Warriors Hope Iguodala Acquisition Changes Impressions Of Franchise Among Players
The Warriors believe the acquisition of F Andre Iguodala puts the team on "new footing, going from a stopping point for middling free agents to a desirable destination among the NBA's most prized players," according to Antonio Gonzalez of the AP. The team for "most of the last two decades" has been one that the "most sought-after free agents have avoided." But Iguodala's interest in joining the Warriors -- he was introduced by the team Thursday after agreeing to a four-year, $48M deal as part of a sign-and-trade -- and the "process of bringing Iguodala to Golden State showed the commitment from both sides." The Warriors entered free agency "with little wiggle room" financially, and it was "almost laughable" that they would be able to sign a marquee player. Warriors GM Bob Myers "never thought the Warriors could make a deal happen" after Iguodala's representation first talked to the team (AP, 7/11). In San Jose, Tim Kawakami writes it has been "no secret" that Warriors co-Owner Joe Lacob's goal since he and Peter Guber bought the team in '10 has been to turn the Warriors "into a shining Northern California version of the glitzy Lakers." While the Warriors are "many championships short of their in-state rivals, this free-agent period was evidence that they are now a destination spot for NBA stars." Lacob said, "I feel it's a relentless kind of approach. I do believe you can improve your team if you really work at it and you are ballsy, if you take a few chances. ... The way we feel about our team now, we're on schedule or maybe ahead of schedule." Kawakami notes this is a "brand-new place for the Warriors." He writes, "Everything is possible, nothing is unreachable, and if things bog down, Lacob and Myers will just go back to work and try to remodel the franchise again" (SAN JOSE MERCURY NEWS, 7/12).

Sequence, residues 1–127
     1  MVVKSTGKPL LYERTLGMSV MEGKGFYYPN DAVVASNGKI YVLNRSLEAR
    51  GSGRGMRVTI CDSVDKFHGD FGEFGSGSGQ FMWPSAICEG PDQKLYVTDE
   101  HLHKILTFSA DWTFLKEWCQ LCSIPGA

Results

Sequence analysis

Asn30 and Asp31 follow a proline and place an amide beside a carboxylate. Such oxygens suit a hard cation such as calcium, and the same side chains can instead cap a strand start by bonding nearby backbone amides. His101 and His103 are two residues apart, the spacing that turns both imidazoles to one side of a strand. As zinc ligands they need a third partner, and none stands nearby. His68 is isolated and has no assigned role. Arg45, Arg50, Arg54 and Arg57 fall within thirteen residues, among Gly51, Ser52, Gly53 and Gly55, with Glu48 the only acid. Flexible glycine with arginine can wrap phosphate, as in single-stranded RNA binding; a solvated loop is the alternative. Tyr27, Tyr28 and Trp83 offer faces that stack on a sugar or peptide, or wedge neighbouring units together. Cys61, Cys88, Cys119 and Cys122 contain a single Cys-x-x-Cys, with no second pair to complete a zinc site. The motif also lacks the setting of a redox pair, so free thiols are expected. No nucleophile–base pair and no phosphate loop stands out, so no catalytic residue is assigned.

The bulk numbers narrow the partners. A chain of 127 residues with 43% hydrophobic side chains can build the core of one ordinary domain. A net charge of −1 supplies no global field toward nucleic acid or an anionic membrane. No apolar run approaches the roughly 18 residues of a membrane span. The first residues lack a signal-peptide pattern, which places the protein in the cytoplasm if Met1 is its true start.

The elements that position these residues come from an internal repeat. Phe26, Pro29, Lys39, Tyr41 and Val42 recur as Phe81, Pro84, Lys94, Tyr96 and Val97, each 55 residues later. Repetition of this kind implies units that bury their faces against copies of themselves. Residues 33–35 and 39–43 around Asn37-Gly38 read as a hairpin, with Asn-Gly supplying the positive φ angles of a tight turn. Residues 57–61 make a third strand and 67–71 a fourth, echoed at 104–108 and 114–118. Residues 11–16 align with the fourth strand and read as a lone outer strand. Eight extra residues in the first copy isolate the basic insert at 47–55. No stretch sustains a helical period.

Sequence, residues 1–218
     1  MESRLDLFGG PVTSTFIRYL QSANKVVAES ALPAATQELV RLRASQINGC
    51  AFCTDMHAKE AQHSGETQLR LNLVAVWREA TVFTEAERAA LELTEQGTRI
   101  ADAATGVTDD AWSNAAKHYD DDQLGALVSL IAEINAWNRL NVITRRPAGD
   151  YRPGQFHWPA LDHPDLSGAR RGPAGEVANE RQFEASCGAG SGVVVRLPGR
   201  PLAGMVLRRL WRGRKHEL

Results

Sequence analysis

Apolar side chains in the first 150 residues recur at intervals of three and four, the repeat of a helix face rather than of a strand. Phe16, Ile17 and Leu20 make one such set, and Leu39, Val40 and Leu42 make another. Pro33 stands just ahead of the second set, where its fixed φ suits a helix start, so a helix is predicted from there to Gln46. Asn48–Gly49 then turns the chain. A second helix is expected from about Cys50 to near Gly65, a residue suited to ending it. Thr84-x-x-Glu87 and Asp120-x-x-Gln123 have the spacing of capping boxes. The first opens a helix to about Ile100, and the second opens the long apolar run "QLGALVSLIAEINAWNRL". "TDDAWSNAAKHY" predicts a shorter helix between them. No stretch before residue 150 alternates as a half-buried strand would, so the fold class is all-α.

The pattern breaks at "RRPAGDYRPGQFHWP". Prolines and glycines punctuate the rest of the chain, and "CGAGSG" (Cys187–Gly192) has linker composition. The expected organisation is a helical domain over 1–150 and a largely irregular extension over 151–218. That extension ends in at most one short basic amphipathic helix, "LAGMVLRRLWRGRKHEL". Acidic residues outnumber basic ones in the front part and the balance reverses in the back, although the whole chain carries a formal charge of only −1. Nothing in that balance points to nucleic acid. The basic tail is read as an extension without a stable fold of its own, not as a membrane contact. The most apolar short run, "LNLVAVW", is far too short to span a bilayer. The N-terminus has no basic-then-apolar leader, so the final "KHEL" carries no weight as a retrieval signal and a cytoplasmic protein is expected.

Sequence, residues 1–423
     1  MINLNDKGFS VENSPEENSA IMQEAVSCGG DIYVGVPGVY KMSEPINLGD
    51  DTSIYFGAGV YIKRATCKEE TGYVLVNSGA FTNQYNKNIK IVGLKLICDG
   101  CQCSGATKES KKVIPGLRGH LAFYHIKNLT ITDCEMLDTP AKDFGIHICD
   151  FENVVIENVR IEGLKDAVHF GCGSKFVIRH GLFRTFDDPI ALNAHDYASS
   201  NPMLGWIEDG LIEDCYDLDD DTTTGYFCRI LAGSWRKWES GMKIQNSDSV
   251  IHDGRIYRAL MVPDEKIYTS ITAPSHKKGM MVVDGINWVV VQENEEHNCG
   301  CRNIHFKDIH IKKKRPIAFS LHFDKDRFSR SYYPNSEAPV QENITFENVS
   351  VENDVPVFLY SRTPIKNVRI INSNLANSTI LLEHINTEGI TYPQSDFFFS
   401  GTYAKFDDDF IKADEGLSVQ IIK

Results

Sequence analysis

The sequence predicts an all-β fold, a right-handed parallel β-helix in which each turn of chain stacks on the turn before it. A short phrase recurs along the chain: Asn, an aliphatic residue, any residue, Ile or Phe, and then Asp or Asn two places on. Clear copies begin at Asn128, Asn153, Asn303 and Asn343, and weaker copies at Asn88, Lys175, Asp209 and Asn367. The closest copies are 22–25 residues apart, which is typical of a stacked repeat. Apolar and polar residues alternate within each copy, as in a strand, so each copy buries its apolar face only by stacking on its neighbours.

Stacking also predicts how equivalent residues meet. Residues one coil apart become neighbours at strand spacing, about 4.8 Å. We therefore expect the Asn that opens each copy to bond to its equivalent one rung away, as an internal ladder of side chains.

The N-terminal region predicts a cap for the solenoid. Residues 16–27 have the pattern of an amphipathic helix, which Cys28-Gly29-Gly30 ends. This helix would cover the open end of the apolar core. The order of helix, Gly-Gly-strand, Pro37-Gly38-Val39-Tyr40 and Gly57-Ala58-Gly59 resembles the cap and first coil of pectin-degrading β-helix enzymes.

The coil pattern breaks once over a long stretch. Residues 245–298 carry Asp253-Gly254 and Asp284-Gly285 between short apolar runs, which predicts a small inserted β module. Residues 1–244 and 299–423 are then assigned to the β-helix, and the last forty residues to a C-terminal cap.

MYERS' ACTIONS DRAW PRAISE: In Oakland, Monte Poole writes no one in the "resurrected organization has been more effective in such a brief period" than Myers. In just 14 months since becoming GM, he has "cooled what customarily was among the hottest seats" in Bay Area sports. There is "no question the Warriors front office operates as a team, with Lacob's boundless drive setting the tone," but Myers "clearly is more than a cog in the wheel." Poole: "Like Lacob, Myers is getting things done at a pace previously unknown to the organization" (OAKLAND TRIBUNE, 7/12).